For the third time, I have decided to stand in the upcoming elections. I now have an even better idea about what is involved in work as a Councillor, and am well-practised in the ins and outs of how things work. Would I have done it eight years ago if I had known what was involved? That’s a hard question to answer, as it’s not a light workload if you do the work required to do the job well. However, it’s a worthwhile thing to work hard at, and has direct benefits in making where we live better than it might be were it just up to administrators and disinterested bureaucrats and politicians who are distant from local issues and concerns. I’ve been privileged to meet many interesting and public-spirited people intent on helping others to live well in their local area, and have been happy to aid and assist them in any way that I can in my time as a Councillor. I hope that I can continue to do this if you vote me in once more.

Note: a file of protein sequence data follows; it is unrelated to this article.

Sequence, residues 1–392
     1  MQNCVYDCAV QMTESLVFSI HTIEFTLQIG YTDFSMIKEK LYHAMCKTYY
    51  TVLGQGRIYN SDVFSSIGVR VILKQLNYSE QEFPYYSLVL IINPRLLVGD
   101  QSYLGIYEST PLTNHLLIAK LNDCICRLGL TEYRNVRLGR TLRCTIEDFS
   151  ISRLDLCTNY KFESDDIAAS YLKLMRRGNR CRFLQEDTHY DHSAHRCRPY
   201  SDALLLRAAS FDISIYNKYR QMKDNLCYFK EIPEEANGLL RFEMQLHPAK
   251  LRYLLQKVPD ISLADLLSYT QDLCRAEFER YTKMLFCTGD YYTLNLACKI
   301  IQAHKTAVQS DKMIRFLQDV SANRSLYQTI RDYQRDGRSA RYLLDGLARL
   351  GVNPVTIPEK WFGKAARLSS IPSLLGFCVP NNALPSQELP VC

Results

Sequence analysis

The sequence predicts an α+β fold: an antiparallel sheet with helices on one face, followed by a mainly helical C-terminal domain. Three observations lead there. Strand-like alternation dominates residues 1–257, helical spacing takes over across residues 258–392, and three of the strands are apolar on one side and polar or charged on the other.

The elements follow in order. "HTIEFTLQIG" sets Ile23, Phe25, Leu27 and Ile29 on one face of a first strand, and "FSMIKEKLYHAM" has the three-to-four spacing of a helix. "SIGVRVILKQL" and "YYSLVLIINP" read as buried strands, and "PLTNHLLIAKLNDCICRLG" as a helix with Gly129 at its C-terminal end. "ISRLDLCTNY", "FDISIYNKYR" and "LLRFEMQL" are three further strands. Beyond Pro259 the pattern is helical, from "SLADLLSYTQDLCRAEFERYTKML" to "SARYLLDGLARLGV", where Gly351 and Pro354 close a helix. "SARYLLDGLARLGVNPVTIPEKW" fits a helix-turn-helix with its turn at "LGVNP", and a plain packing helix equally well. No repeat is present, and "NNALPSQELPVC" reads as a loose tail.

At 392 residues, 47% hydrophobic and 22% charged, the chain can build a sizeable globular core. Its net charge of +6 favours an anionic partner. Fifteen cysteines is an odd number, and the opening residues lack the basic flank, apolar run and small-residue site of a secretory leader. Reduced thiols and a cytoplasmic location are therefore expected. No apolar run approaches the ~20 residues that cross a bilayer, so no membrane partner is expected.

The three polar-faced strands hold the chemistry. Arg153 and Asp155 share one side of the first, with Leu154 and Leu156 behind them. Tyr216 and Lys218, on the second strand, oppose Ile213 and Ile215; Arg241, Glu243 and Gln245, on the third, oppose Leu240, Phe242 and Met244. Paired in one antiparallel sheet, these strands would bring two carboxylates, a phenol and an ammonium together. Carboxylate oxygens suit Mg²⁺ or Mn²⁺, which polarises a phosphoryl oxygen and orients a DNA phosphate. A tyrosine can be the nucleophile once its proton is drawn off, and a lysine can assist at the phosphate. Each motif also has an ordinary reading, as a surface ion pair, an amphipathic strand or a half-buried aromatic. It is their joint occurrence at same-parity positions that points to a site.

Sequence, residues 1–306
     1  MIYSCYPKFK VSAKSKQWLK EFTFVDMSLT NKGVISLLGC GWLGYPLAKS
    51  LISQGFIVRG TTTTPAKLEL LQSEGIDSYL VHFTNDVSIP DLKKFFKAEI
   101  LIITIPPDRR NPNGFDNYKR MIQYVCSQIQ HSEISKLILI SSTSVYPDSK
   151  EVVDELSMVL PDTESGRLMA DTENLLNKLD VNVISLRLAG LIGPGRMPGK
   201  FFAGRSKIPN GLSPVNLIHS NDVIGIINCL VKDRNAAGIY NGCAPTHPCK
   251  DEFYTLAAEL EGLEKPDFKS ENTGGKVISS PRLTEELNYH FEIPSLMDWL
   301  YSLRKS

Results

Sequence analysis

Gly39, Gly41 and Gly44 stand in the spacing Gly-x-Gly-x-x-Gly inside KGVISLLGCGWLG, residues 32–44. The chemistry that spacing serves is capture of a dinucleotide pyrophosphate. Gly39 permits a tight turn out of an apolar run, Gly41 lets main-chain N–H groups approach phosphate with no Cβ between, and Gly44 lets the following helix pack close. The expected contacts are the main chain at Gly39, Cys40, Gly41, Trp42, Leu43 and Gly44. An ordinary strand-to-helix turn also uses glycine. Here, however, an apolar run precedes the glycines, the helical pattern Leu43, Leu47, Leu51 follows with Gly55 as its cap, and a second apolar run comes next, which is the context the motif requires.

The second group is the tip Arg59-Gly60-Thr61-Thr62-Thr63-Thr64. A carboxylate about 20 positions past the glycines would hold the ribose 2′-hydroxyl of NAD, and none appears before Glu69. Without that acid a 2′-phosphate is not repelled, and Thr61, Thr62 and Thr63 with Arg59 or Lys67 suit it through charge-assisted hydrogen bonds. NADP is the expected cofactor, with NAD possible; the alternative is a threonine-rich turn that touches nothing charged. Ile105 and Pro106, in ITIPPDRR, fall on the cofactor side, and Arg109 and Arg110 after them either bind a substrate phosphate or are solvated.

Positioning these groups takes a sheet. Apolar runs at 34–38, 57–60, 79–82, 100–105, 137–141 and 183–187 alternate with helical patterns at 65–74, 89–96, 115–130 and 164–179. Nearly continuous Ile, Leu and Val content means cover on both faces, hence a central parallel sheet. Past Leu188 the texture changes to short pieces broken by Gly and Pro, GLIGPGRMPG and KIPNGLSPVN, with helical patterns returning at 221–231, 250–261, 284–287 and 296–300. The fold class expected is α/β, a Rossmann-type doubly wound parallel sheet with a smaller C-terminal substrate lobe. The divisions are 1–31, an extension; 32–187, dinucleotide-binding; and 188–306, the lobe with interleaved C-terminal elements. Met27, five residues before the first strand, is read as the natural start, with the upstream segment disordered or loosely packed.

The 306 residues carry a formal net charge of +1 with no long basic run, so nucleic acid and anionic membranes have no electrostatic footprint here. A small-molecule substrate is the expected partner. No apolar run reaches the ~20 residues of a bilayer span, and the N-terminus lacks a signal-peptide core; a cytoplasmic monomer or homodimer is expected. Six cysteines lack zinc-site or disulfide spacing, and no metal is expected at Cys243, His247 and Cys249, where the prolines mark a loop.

With the elections, not only does your first candidate supporting vote count, but so too do your preferences.
Most councillors are not elected outright, but get enough votes made up from both a primary vote, but also if you put them second or third. However, enough primary votes, a ‘quota’, will see a candidate elected.
You do not have to vote as per a candidate’s “How to vote card”, but are free to choose the order of the candidates you think would be best to be elected.
If you put a candidate last in your preferences, then they will receive no run on votes from other candidates, and are much less likely to be voted in.
Candidates will have their own reasons for choosing who they prefer to give their votes to, which may include supporting other female candidates, holding the same values, or feeling that the other person is a strong candidate, who if elected on votes before them will then be able to pass their excess votes on.
Preferences do count, so it is up to you to question your candidates about the reasons behind their preferences. Voting as per their preferences may not result in the candidates you want to be elected being elected.
This election, the Victorian Parliament have decided not to allow a list of candidate’s preferences to be distributed with the Ballot Pack, so you will have to see how the candidates recommend that you vote in their election material.